ZFIN ID: ZDB-PUB-000202-9
A highly conserved enhancer in the Dlx5/Dlx6 intergenic region is the site of cross-regulatory interactions between dlx genes in the embryonic forebrain
Zerucha, T., Stuhmer, T., Hatch, G., Park, B.K., Long, Q., Yu, G., Gambarotta, A., Schultz, J.R., Rubenstein, J.L., and Ekker, M.
Date: 2000
Source: The Journal of neuroscience : the official journal of the Society for Neuroscience   20(2): 709-721 (Journal)
Registered Authors: Ekker, Marc, Hatch, Gary, Park, Byung Keon, Zerucha, Ted
Keywords: diencephalon; evolution; homeobox; mouse; striatum; telencephalon; zebrafish
MeSH Terms:
  • Animals
  • Base Sequence
  • Conserved Sequence
  • Ectoderm/metabolism
  • Enhancer Elements, Genetic*
  • Genes, Homeobox*
  • Homeodomain Proteins/genetics*
  • Humans
  • Introns
  • Mice
  • Molecular Sequence Data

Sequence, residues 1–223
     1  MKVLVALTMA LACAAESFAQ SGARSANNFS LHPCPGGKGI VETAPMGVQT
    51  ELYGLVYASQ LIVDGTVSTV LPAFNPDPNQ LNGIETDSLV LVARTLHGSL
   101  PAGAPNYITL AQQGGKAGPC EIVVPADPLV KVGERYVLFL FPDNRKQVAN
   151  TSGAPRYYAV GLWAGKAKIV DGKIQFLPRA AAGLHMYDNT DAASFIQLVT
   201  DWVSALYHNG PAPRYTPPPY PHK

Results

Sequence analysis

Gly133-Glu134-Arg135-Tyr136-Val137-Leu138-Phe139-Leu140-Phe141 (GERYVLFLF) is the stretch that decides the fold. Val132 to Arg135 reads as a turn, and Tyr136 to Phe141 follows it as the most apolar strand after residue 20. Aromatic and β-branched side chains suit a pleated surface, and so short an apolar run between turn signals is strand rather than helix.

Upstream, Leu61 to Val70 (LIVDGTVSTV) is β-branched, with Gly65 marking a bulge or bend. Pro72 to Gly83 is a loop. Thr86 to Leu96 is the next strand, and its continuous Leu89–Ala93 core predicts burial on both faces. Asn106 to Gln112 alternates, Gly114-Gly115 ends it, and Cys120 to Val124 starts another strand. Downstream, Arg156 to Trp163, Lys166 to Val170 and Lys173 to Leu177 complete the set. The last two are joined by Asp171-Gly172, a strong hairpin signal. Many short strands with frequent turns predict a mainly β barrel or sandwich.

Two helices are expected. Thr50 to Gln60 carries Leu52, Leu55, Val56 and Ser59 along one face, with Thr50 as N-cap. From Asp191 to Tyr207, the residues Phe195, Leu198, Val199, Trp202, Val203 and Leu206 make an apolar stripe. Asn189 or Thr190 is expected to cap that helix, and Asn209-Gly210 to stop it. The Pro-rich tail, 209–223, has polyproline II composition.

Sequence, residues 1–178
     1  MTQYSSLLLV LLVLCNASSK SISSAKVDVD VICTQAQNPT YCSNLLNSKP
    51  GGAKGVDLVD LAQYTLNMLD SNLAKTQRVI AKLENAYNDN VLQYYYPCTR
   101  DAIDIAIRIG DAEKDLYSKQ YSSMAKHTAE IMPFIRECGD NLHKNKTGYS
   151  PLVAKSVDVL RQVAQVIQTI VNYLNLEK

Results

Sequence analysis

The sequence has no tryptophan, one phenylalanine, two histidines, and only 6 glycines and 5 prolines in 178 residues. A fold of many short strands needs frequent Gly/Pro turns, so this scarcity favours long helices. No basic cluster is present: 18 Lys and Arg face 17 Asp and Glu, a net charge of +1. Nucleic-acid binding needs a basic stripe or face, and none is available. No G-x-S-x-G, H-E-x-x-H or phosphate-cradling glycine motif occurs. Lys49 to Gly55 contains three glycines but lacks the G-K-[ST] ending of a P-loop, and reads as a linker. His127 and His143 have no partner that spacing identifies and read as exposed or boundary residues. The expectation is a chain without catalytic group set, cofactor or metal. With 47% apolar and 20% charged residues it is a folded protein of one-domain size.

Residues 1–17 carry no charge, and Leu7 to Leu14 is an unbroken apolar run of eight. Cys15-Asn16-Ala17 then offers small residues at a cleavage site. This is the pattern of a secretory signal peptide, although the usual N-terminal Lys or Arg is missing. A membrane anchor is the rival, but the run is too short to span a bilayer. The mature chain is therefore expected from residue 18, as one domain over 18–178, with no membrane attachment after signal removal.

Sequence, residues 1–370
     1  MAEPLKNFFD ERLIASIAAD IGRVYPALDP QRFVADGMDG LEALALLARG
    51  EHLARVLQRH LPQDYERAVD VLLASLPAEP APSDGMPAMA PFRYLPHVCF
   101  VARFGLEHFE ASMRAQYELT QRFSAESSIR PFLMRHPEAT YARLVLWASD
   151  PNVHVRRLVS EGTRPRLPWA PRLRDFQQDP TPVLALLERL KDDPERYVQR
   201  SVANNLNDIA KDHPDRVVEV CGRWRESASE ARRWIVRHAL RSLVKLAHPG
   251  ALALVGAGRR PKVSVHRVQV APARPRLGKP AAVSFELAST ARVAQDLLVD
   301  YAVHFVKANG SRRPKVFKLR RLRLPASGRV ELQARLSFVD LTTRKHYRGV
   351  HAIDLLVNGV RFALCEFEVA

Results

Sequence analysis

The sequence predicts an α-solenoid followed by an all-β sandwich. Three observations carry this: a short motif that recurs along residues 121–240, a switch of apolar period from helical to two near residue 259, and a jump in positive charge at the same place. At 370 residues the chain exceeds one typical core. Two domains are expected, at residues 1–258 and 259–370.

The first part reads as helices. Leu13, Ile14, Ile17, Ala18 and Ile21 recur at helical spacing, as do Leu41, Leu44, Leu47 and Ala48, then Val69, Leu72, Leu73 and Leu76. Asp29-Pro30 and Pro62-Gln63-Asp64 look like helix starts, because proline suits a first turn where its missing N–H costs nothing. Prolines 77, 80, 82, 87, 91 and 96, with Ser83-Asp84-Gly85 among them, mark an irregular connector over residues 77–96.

• Neurons/metabolism
  • Olfactory Bulb/metabolism
  • Prosencephalon/embryology
  • Prosencephalon/metabolism*
  • Sequence Alignment
  • Sequence Homology, Nucleic Acid
  • Transcription Factors*
  • Zebrafish
  • Zebrafish Proteins*
PubMed: 10632600
Four Dlx homeobox genes, Dlx1, Dlx2, Dlx5, and Dlx6 are expressed in the same primordia of the mouse forebrain with temporally overlapping patterns. The four genes are organized as two tail-to-tail pairs, Dlx1/Dlx2 and Dlx5/Dlx6, a genomic arrangement conserved in distantly related vertebrates like zebrafish. The Dlx5/Dlx6 intergenic region contains two sequences of a few hundred base pairs, remarkably well conserved between mouse and zebrafish. Reporter transgenes containing these two sequences are expressed in the forebrain of transgenic mice and zebrafish with patterns highly similar to endogenous Dlx5 and Dlx6 expression. The activity of the transgene is drastically reduced in mouse mutants lacking both Dlx1 and Dlx2, consistent with the decrease in endogenous Dlx5 and Dlx6 expression. These results suggest that cross-regulation by Dlx proteins, mediated by the intergenic sequences, is essential for Dlx5 and Dlx6 expression in the forebrain. This hypothesis is supported by cotransfection and DNA-protein binding experiments. We propose that the Dlx genes are part of a highly conserved developmental pathway that regulates forebrain development.